Monday, January 10, 2011

Heroes of the Day

In the midst of Jared Lee Loughner's murderous rampage through Rep. Gabrielle Gifford's meet and greet with constituents at a Tuscon supermarket that left six people dead and 13 people injured, including Rep. Giffords, there were people who stepped up and became heroes.

These people ought to be recognized for their bravery and heroic actions for they saved lives.

First up is Daniel Hernandez. He was Gifford's 20 year old intern.
Moments later, he was at Rep. Gabrielle Giffords' side. Less than a week after the 20-year-old intern started working for the congresswoman, he was using his bare hands to stop blood gushing from where a bullet had entered her head.

Hernandez, who trained as a certified nursing assistant, said he lifted Giffords' head to make it easier for her to breathe, then applied pressure to her wound.

"She was alert and conscious, but she wasn't able to speak, so the way she was communicating was by grabbing my hand and squeezing," Hernandez said.

Employees from the nearby Safeway supermarket brought out clean smocks from the meat department to cover Giffords' wound until paramedics arrived, he said.

"My main thing was just to keep her as alert as possible and just keep trying to interact with her... The entire time I was with the congresswoman, she was still responding," Hernandez said. "She was obviously in a lot of pain, so I let her know to squeeze my hand as hard as she needed to."

She "was my first and only priority," Hernandez added later in a CNN interview. I was "trying to take care of her emotional needs" and "keep her calm."
Hernandez's calm and methodical actions saved Giffords' life by providing prompt medical attention and tending to Giffords. So too were the unnamed supermarket workers who found needed items to help Hernandez get the bleeding under control and provide easier access for her to breathe.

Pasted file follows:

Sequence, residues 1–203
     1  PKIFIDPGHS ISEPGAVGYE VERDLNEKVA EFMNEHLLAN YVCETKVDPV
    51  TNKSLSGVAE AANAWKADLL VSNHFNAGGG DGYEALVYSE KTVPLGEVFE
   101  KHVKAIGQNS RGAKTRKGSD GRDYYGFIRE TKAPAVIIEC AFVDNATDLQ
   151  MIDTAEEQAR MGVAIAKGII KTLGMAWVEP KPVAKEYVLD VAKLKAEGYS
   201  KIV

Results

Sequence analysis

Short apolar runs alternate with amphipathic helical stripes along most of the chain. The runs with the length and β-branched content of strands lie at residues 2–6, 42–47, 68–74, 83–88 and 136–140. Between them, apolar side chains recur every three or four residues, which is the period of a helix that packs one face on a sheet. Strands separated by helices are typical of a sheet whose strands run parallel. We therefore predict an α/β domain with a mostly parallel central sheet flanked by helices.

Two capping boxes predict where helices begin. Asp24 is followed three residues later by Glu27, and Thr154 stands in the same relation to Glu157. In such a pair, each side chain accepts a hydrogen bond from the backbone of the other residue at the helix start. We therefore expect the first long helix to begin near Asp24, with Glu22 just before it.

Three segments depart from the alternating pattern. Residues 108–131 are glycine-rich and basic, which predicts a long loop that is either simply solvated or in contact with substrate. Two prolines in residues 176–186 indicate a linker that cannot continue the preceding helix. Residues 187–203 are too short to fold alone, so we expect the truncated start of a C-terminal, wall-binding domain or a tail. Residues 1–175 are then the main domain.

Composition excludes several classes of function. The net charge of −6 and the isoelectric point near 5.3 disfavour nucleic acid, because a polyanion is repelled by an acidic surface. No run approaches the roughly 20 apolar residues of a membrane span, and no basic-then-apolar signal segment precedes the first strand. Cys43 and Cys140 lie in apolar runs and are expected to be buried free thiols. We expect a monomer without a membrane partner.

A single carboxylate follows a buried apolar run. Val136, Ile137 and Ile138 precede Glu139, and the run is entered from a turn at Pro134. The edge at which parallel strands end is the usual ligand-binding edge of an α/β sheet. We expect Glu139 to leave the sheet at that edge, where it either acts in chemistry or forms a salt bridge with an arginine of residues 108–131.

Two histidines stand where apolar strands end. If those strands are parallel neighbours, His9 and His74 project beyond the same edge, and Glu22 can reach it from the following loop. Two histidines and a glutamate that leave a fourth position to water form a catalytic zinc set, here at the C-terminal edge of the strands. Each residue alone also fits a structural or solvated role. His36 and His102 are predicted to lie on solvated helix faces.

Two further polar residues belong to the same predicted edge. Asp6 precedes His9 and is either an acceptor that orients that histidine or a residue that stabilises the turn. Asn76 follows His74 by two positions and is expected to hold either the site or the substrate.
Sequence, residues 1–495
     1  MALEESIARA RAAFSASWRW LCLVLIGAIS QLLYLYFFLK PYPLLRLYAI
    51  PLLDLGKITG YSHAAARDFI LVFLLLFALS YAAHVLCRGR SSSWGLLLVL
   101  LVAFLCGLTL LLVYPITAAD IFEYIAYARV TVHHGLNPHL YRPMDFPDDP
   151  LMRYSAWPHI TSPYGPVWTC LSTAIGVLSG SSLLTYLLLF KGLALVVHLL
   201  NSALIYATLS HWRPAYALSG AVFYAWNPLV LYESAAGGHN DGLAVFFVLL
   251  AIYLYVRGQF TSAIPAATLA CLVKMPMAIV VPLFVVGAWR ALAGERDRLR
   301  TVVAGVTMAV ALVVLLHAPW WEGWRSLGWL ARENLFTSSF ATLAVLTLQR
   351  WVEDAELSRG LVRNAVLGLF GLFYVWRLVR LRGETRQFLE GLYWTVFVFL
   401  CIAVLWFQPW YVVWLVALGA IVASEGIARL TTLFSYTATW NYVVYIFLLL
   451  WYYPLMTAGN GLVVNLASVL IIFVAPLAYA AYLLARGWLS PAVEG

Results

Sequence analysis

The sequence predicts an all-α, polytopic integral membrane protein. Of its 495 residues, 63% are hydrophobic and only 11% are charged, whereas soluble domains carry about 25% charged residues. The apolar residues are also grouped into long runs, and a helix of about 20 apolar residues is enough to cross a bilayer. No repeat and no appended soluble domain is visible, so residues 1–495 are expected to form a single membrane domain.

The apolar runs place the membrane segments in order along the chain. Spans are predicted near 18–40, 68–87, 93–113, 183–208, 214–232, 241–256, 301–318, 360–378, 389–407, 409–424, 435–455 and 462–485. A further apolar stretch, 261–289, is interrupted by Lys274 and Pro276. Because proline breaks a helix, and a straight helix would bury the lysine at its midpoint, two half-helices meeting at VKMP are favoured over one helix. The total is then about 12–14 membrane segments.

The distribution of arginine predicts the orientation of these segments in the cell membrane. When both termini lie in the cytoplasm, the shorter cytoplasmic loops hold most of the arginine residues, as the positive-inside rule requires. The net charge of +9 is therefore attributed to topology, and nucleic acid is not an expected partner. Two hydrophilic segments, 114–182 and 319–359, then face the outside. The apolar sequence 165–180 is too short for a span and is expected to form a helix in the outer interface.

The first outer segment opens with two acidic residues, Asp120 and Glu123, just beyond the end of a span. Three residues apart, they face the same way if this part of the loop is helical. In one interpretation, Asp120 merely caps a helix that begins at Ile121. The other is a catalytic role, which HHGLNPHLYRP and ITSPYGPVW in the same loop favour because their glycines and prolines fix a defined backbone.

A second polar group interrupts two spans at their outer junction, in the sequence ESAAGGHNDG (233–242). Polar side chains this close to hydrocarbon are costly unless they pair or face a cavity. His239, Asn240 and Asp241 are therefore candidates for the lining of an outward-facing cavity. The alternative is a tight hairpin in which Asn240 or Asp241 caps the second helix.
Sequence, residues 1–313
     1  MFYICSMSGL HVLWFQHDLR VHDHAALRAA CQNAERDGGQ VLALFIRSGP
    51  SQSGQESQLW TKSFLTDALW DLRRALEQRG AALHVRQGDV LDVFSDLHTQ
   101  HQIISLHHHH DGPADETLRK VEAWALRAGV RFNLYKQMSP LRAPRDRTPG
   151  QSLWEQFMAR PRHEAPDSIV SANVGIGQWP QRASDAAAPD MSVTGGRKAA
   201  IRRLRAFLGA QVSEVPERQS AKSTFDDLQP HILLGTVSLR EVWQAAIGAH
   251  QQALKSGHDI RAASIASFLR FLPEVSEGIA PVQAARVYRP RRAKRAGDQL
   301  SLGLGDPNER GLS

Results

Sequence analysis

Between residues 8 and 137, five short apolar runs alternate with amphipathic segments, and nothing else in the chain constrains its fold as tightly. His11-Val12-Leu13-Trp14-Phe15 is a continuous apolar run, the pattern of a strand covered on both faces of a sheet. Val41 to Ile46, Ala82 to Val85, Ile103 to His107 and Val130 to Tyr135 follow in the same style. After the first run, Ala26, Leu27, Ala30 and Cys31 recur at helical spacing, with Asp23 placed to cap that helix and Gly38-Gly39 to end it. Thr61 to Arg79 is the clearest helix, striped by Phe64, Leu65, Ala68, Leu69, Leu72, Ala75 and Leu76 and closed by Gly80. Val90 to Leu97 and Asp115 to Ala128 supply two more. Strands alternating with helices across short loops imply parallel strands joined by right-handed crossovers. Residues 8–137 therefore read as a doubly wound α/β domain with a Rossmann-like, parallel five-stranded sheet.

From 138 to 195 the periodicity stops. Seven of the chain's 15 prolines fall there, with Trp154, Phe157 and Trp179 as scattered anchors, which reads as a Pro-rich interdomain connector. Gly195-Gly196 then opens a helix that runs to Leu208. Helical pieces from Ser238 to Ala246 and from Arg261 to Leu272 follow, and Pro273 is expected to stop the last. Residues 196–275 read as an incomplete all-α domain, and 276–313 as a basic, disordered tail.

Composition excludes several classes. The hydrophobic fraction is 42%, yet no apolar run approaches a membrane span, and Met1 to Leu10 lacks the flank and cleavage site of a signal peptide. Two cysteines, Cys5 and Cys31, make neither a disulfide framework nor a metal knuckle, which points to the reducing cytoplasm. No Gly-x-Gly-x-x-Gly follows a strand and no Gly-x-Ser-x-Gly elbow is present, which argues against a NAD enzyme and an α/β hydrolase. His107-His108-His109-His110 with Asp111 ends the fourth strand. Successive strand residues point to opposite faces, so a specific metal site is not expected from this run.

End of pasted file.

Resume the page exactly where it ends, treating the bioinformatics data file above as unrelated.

The other heroes in this traumatic event included spunky 61 year old woman, Patricia Maisch, who wrestled away another magazine from Loughner as he was attempting to reload after two men who are so far unnamed wrestled Loughner to the ground.
"He shot the woman that was next to me, and I was just waiting for the next bullet," Maisch said.

Then Maisch saw the gunman was on the ground near her. "Two gentlemen had knocked him to the ground, and somebody yelled 'Get the gun,'" Maisch said. "So I knelt up - he was on his right side - I knelt up and reached over him. I couldn't reach the gun, but as he was doing that he also pulled another magazine out of his left pocket, which he dropped on the pavement, and I was able to get it before he did.

"At the same time, another gentleman had picked up the gun. So he was secured."

She said she could not get a good look at the gunman's face. "He had a stocking cap on, and the way he was pushed on the ground, I could only see a little bit of the left side of his face, 'cause he had the stocking cap almost up to his eyes, both at the side, and above his eyebrows," she said.
Had he been able to reload, the crowd would have been in jeopardy of being hit by another 30 rounds. After arriving on scene, law enforcement found more than 90 rounds of ammo in Loughner's pockets.

Currently, Rep. Giffords remains in critical condition although doctors are cautiously optimistic. She's in a medically induced coma that allows doctors to control swelling and they revive her from time to time to check her responses, which have so far been positive.

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